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Help with The Inevitable Question

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  • Simon Kirk
    Hi all. My company are responsible for the continuing development of an 8-year old legacy application, now weight in at 200,000 lines of VB6 (please don t run
    Message 1 of 38 , Aug 29, 2008
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      Hi all.

      My company are responsible for the continuing development of an 8-year
      old legacy application, now weight in at >200,000 lines of VB6 (please
      don't run away screaming ;). My company was responsible for the
      project in the first place, it's not something we've adopted.

      We do bespoke software development for external clients on a project
      basis: obviously we've developed a long and intimate relationship with
      this client. This system runs the vast majority of their business.

      The client has now identified this system as a risk, they say because
      of the ageing technology, and its relatively poor design which has
      lead to a few nasty problems lately that have been hard to fix. Their
      new technical director has asked us (which has fallen to me) to
      prepare a presentation about how to bring this system "kicking and
      screaming into the century of the fruitbat" (my term not his, with a
      nod to TPratchett).

      We think they've given us this opportunity because they realise we
      know their system and therefore their business practically better than
      they know themselves. They wanted us to evaluate the three choices of
      letting the system simply carry on until it died, rewriting it from
      scratch, or gradually modernising it.

      I don't think a from-scratch rewrite would ever work, I favour the
      gradual modernisation. If anybody disagrees, please let me know,
      because I'd love to talk about it. But, my presentation is about
      there, and I've tried very hard to aim it squarely at the business,
      talking about ROI, Risk et al.

      Here is my problem (at least the biggest I anticipate): I think that
      even if I manage to convince the client of my way of thinking, the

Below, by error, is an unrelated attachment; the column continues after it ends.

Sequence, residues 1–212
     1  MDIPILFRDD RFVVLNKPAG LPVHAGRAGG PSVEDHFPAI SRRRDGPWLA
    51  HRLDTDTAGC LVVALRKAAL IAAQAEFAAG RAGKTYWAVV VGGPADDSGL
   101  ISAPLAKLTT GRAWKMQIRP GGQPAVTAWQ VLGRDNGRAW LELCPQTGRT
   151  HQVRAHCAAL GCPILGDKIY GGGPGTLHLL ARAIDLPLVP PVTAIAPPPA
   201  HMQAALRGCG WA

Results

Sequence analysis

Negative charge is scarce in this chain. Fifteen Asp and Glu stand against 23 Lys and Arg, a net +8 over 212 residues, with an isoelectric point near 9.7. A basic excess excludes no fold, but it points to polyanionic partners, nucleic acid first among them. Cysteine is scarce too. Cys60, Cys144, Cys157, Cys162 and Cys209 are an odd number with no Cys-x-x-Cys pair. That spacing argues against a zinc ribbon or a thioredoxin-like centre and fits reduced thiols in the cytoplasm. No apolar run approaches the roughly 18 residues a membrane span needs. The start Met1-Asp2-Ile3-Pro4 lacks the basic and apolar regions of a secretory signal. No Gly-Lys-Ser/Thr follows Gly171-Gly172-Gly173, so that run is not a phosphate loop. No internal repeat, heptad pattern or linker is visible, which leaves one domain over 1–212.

inevitable question then is "OK, so we agree in theory with your
      approach, but the system does need a complete rewrite, so what do we
      tell the business about budget? We need to get the budget for all the
      work, not just some of it".

      Which comes right back around to the whole tenet of Scrum: Don't
      budget and build all at once, do it in bits.

      But I know my answer of "just get the budget for initial section X, we
      can always then look at next section Y once all the parts of X have
      been released, and besides we'd understand what Y would cost better by
      then anyway" wouldn't be satisfactory to them.

      Have people encountered this situation before? If so please can you
      help me?

      Thanks everybody,
      Simon

      ps. Damn, I wanted this to be a short mail, but it's got big :(

      [|]
    • ceezone
      I agree with whatever you are saying Roy. But these are my observations/experience: 1. Most project managers have, heard of/Used (even if poorly)/considered,
      Message 38 of 38 , Sep 25, 2008
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        I agree with whatever you are saying Roy.

        But these are my observations/experience:

        1. Most project managers have, heard of/Used (even if
        poorly)/considered, Function points.

        2. Very few have heard of Use case points.

        3. Almost no one has heard of COCOMO (shame)

        Someone somewhere (blast my memory) has made a very valid point about
        estimations showing a graph which corresponds to one of a the